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RageQuitters Reviews – ASUS ROG Strix GeForce GTX 1080

Unboxing and Appearance

 

Asus have kindly supplied us with the ASUS ROG Strix GeForce GTX 1080 in an attractive but not overstated box – no over dramatic characters, logos or dragons to be had here:

ASUS ROG Strix GeForce GTX 1080 box - front

ASUS ROG Strix GeForce GTX 1080 box – front

 

The rear of the box shows the marketing department at their best:

ASUS ROG Strix GeForce GTX 1080 box - rear

ASUS ROG Strix GeForce GTX 1080 box – rear

Onto the card itself then – looking at its belly (when mounted in the case that is), we can see the 3rd generation DirectCU III cooler featuring the exclusive ‘direct-GPU’ contact heat pipes (in layman’s terms, that means the surface which touches the GPU itself is flat, theoretically allowing for better heat conduction) with its patented triple wing blade ‘0 dB’ fan design allowing for 30% cooler operation and x3 quieter performance (though it is not stated if this is v.s. DirectCU II or the reference cooler design). The fan shrouds (not seen lit here), there is RGB lighting which we will discuss in detail later in this article:

ASUS ROG Strix GeForce GTX 1080 - underneath

ASUS ROG Strix GeForce GTX 1080 – underneath

The top of the card features what we believe is mandatory on a high-end card; an attractive back-plate.  Asus have not failed to deliver here – the coverage of the black backplate is complete (only exposing what appears to be the MosFets / power assembly) with an attractive the ‘X’ design etched around the GPU location.  To the right-hand side of the picture, there is a large ‘Republic of Gamers’ logo with RGB lighting which can be fully customised (we’ll show later in this article).  Towards the top is the standard PCI-E connector and, currently capped, two SLI ‘fingers’ towards the bottom left of the picture:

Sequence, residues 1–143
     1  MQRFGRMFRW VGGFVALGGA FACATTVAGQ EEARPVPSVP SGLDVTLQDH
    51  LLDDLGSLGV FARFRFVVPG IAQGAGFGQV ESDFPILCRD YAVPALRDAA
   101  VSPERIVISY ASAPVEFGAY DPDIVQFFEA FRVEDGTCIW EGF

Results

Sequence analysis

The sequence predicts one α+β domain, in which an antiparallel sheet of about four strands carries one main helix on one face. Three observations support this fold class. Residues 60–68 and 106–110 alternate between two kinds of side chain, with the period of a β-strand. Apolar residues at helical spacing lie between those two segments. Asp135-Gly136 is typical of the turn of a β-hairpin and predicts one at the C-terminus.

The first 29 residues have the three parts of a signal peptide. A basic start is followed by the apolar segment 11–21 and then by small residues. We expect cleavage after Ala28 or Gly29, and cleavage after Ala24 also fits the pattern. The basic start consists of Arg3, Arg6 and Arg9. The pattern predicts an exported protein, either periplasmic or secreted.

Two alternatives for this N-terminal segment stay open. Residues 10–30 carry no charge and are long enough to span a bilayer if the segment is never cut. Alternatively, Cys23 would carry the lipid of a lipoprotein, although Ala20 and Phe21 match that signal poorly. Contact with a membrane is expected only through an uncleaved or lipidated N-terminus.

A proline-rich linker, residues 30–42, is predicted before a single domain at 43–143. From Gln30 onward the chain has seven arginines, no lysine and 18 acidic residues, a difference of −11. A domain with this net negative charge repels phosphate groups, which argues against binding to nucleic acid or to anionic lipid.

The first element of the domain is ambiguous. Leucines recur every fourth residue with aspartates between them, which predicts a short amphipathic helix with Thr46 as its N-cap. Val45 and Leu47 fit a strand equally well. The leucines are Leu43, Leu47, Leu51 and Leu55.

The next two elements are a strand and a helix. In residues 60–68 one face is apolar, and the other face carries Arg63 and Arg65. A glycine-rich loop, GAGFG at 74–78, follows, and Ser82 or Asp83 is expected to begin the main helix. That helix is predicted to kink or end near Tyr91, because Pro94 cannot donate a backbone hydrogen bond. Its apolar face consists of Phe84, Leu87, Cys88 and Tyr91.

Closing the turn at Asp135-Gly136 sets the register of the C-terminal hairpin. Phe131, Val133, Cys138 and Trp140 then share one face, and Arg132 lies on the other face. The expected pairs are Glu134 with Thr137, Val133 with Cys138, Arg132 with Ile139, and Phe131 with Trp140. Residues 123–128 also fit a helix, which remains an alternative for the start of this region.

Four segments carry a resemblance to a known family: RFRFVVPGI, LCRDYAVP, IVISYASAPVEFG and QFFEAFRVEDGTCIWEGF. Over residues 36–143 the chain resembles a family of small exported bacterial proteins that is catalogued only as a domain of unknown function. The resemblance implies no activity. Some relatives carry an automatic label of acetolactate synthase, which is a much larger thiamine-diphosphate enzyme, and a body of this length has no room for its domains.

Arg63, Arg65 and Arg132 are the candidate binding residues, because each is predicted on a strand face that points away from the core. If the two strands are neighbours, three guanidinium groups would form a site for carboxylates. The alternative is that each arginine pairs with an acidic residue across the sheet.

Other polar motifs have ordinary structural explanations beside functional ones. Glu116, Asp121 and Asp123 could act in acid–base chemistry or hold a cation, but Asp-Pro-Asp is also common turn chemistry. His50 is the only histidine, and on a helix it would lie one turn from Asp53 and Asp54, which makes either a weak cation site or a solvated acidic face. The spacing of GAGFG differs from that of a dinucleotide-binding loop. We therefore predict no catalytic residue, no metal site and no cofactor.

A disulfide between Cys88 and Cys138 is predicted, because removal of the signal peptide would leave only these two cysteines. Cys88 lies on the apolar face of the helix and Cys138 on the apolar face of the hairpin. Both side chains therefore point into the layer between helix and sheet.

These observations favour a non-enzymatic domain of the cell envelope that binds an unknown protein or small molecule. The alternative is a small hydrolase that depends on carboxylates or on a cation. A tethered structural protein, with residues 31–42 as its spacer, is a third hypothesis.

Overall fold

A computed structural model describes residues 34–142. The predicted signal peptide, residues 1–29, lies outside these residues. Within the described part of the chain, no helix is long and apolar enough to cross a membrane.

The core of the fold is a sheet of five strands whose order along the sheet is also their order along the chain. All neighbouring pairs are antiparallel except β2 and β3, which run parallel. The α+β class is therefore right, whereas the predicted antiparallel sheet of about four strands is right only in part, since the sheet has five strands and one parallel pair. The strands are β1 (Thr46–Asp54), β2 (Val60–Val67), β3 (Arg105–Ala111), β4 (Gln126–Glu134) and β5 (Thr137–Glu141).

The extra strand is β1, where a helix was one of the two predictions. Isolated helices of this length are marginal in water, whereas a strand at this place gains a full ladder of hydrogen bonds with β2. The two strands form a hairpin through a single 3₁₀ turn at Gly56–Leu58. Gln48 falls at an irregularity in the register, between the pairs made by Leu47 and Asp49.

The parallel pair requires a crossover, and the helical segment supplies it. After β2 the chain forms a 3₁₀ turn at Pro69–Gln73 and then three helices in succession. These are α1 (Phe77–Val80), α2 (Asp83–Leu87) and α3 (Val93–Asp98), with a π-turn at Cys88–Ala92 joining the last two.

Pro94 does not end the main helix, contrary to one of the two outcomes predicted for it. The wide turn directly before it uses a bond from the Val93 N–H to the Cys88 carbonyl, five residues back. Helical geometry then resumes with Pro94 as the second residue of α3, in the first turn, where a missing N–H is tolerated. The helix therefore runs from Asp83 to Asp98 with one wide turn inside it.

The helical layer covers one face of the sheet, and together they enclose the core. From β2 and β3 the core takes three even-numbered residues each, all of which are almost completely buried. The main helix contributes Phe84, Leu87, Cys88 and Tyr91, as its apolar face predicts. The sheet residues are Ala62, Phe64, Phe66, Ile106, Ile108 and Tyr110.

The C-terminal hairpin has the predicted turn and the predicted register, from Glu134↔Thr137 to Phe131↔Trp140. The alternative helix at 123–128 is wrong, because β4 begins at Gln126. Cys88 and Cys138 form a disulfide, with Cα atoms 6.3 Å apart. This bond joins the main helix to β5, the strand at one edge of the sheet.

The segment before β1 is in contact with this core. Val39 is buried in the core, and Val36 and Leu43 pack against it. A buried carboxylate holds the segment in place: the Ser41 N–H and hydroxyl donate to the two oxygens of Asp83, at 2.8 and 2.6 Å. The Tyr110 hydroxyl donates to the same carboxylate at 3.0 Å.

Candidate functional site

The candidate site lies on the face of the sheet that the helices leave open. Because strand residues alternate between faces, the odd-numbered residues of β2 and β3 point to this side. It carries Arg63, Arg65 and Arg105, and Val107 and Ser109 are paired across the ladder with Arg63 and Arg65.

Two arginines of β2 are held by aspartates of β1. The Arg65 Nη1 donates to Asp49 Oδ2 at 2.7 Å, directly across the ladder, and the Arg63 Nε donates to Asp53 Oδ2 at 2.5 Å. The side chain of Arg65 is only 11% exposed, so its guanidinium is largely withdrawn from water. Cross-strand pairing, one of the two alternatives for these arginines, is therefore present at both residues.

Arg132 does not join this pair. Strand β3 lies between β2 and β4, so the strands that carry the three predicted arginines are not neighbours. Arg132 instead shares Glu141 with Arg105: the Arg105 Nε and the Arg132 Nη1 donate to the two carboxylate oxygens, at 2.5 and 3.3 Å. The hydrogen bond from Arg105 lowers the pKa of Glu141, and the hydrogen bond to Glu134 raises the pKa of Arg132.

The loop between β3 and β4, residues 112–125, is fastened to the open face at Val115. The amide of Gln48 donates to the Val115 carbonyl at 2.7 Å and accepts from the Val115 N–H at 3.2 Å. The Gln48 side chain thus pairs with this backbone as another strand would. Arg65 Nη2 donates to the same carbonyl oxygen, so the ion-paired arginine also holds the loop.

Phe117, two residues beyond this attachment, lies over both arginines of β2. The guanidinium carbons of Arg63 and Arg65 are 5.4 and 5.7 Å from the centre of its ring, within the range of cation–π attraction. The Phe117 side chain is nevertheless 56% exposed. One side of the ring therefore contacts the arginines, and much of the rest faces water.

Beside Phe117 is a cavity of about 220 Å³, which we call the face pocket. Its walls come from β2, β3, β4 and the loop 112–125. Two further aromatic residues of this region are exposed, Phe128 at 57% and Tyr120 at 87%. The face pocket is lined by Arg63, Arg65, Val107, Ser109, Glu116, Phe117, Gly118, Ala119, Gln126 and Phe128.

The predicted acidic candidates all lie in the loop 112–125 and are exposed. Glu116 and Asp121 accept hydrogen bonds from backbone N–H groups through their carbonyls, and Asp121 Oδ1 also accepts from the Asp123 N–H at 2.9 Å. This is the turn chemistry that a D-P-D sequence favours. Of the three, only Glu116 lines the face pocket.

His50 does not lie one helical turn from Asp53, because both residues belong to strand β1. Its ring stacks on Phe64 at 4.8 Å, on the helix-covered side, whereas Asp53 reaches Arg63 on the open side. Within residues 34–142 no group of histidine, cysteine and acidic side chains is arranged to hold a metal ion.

ASUS ROG Strix GeForce GTX 1080 - top and backplate

ASUS ROG Strix GeForce GTX 1080 – top and backplate

For those interested, here is a close-up of the ROG logo:

ASUS ROG Strix GeForce GTX 1080 - ROG logo top

ASUS ROG Strix GeForce GTX 1080 – ROG logo top

 

Unlike the ‘founders edition’ GTX 1080 (which features only a single 8-pin PCI-E power connector), the ASUS ROG Strix GeForce GTX 1080 features a 6-pin + 8-pin PCI-E power configuration, which (combined with the PCI-E lane’s power of 75w) delivers a total of 300w – plenty of power for serious overclocking:

ASUS ROG Strix GeForce GTX 1080 - PCI-E power connectors

ASUS ROG Strix GeForce GTX 1080 – PCI-E power connectors

Moving slightly down, we can see the side ‘Republic of Gamers’ logo in text which is also RGB-lit (they’ve certainly got all the bases covered for you case-modders out there!):

ASUS ROG Strix GeForce GTX 1080 - ROG logo on the side

ASUS ROG Strix GeForce GTX 1080 – ROG logo on the side

Panning out again, this side shot shows more of the DirectCU III cooler’s fin-assembly:

ASUS ROG Strix GeForce GTX 1080 - side 1

ASUS ROG Strix GeForce GTX 1080 – side 1

…and on the other side, you can see the heat-pipe matrix running through the fins:

ASUS ROG Strix GeForce GTX 1080 - side 2

ASUS ROG Strix GeForce GTX 1080 – side 2

Looking at the rear of the card we can see the connectivity comprising of x2 DisplayPort 1.4 connections, x2 HDMI 2.0 ports and a DVI-D connector (note – this card does not feature any form of analogue output):

ASUS ROG Strix GeForce GTX 1080 - rear

ASUS ROG Strix GeForce GTX 1080 – rear

At the other end of the card (the end nearest the front of your case) it is less exciting but you can see the ‘Asus Fanconnect’ headers – a unique feature allowing you to connect two 4-pin GPU-controlled fans instead of plugging them into your motherboard:

ASUS ROG Strix GeForce GTX 1080 - front

ASUS ROG Strix GeForce GTX 1080 – front

3 comments

  1. Buddydudeguy says:

    The HAF-X is ancient. Cases have come a long way over the years and personally I don’t understand why you would even test in a HAF-X.

    • TerminatorUK says:

      Thanks for the comment Buddy.

      I wouldn’t call the HAF-X ‘ancient’ – it is a high-end gaming case from 2011 with excellent airflow and should have plenty of space for most GPUs.

      Unfortunately our budget isn’t endless and we couldn’t just rebuild our test system for the purposes of the review.

      This section in the article was included more of a highlight to check your case as the card’s width extends beyond a ‘standard’ PCI-E card’s regular dimensions; especially with certain motherboards.

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